Los Angeles-based Sentio launched its latest offering in the form of Sentio Desktop earlier this week, revealing a phone-to-PC solution reminiscent of the Samsung Desktop Experience (DeX) station, albeit one that's compatible with any contemporary Android device. The company's technology is entirely app-based and can be used free of charge, with Sentio uploading its latest offering to the Google Play Store on Monday. Much like Samsung's dock and related software, Sentio Desktop seeks to emulate a Windows-styled experience ranging from support for productivity apps and exploring files to desktop icons and multi-window functionality meant to maximize the usefulness of the service.
Sentio Desktop is compatible with most modern devices running Android 7.0 Nougat and later versions of Google's operating system, though the company previously experimented with a similar service for Lollipop and Marshmallow called Andromium OS which is still available for download from the Google Play Store but under a rebranded name – Sentio Desktop (Lollipop, Marshmallow). The previous solution amassed over a million downloads and already offered some basic desktop functionality to owners of older Android devices, with its successor being meant to improve upon the essentials and deliver a more full-fledged productivity platform. Sentio Desktop supports "millions" of Android apps, including popular tools like Google Chrome and Microsoft Office, the company said.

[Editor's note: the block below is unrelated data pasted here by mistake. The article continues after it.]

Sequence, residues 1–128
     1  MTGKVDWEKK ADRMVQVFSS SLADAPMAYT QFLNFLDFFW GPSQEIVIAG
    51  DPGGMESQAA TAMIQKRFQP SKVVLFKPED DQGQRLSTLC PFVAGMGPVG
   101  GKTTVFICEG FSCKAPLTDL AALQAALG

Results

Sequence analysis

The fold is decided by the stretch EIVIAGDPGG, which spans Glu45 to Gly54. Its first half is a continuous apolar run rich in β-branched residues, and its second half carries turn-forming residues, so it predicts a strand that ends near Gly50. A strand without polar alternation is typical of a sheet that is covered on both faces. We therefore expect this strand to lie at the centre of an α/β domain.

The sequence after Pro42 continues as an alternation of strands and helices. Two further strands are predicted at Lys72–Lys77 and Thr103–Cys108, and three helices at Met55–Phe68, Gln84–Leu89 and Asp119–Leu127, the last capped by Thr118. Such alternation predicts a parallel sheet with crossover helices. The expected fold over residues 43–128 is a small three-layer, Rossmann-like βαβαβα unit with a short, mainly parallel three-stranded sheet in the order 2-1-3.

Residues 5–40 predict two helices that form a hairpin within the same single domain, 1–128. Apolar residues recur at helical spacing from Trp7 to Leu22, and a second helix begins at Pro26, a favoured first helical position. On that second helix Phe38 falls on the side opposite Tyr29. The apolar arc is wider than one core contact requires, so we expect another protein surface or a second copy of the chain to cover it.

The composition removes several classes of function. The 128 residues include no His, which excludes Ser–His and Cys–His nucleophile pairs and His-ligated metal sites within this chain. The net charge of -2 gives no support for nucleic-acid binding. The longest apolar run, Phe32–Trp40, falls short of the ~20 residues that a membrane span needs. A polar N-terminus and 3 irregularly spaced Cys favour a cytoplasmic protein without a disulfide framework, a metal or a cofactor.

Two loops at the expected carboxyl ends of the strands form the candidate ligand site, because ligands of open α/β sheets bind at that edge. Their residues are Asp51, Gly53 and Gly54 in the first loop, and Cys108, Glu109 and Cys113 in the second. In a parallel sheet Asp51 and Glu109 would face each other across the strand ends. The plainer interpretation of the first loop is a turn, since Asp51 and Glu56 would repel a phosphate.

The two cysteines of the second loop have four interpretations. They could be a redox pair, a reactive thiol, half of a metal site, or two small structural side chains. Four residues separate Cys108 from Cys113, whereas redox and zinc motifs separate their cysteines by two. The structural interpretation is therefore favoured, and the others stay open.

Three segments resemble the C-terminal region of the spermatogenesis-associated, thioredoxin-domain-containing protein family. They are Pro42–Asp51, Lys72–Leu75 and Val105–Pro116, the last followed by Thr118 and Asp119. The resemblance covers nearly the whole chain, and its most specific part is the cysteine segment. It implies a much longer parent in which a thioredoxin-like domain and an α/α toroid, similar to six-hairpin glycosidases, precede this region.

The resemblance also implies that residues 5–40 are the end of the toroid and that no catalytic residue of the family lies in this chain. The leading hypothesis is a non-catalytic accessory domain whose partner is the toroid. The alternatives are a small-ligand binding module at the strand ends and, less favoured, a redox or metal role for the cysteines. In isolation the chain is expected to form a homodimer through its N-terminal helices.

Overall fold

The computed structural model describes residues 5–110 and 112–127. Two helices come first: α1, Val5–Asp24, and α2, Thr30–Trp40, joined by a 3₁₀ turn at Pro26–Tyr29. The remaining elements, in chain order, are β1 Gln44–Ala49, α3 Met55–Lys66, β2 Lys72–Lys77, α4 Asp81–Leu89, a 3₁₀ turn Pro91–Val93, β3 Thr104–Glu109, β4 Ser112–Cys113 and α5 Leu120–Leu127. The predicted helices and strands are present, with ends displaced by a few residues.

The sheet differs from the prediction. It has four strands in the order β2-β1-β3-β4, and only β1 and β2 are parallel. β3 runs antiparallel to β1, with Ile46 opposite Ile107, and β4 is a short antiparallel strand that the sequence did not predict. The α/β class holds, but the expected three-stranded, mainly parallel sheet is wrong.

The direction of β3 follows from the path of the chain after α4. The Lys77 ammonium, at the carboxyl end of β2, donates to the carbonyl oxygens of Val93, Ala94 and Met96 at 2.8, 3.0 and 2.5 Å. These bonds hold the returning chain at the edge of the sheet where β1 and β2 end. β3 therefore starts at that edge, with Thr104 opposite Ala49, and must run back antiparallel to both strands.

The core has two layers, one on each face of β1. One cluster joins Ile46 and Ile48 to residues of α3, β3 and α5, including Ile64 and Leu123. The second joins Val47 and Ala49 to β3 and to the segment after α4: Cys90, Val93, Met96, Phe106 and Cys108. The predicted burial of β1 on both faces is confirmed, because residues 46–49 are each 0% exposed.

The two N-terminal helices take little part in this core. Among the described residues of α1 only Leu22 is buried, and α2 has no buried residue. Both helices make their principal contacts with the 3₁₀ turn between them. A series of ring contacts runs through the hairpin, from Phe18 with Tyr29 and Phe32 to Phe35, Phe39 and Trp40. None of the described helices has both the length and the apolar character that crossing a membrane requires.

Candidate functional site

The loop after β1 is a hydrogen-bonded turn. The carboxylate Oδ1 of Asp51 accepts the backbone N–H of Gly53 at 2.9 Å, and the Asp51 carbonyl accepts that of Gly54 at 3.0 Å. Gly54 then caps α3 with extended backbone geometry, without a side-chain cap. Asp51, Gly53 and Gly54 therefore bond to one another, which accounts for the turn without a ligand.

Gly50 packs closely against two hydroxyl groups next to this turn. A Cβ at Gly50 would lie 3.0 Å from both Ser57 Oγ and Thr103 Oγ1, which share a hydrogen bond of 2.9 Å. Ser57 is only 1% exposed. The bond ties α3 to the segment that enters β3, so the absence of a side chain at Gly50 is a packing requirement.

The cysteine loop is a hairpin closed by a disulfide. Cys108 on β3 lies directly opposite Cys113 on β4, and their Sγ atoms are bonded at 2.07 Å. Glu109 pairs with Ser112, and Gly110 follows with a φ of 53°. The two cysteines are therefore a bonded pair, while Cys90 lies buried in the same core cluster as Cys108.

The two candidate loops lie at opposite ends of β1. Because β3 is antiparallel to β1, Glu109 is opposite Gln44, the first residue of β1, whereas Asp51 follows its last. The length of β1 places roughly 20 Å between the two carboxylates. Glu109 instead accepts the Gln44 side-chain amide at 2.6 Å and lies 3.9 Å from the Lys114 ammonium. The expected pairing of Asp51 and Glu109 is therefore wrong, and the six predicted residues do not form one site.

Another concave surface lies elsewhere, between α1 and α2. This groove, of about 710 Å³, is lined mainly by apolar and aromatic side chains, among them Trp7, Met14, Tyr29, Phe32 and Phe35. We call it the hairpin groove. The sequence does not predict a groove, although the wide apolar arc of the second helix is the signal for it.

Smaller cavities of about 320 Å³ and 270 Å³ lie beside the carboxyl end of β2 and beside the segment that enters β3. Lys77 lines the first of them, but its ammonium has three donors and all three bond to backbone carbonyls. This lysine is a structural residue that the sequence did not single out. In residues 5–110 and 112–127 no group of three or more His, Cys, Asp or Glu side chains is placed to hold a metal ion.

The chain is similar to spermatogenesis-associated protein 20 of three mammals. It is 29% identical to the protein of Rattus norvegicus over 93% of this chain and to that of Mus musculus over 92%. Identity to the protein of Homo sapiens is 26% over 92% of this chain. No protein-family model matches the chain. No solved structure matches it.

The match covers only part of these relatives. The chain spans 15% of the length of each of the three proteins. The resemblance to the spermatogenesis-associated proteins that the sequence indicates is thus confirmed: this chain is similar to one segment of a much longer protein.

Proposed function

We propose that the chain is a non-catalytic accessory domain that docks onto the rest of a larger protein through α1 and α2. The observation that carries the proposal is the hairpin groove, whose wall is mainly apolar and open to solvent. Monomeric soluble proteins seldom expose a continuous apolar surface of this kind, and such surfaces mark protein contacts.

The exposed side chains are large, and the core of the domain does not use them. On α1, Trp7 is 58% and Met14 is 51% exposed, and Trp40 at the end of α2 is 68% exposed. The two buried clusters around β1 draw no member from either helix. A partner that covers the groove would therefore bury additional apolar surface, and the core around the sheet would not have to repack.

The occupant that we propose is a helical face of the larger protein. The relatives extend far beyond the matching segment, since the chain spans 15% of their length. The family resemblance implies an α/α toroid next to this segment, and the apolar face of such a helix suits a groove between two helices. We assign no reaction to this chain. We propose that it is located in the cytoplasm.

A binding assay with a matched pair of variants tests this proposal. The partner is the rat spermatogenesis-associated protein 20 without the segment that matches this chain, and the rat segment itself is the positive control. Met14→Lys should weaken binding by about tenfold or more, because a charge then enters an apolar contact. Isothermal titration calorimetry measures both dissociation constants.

While the Sentio Desktop app can be used on its own, it was primarily meant to complement Sentio's Superbook, a crowdfunded laptop shell for Android smartphones and tablets that's just entering production after raising close to $3 million on Kickstarter last year. Superbook's backers and people who placed advanced orders on the gadget will start receiving the device in the coming weeks, whereas the general public will be able to purchase it beginning in early 2018 for $149, the startup revealed, without attaching a more specific time frame to the announcement. The firm's phone-to-PC platform started as one of Google's "20 percent" projects but was shot down by the management, which prompted Gordon Zheng to quit and co-found Sentio. As the service is delivered in the form of an app, it's not only compatible with countless Android smartphones and tablets but will also keep getting updated to support Google's upcoming OS iterations.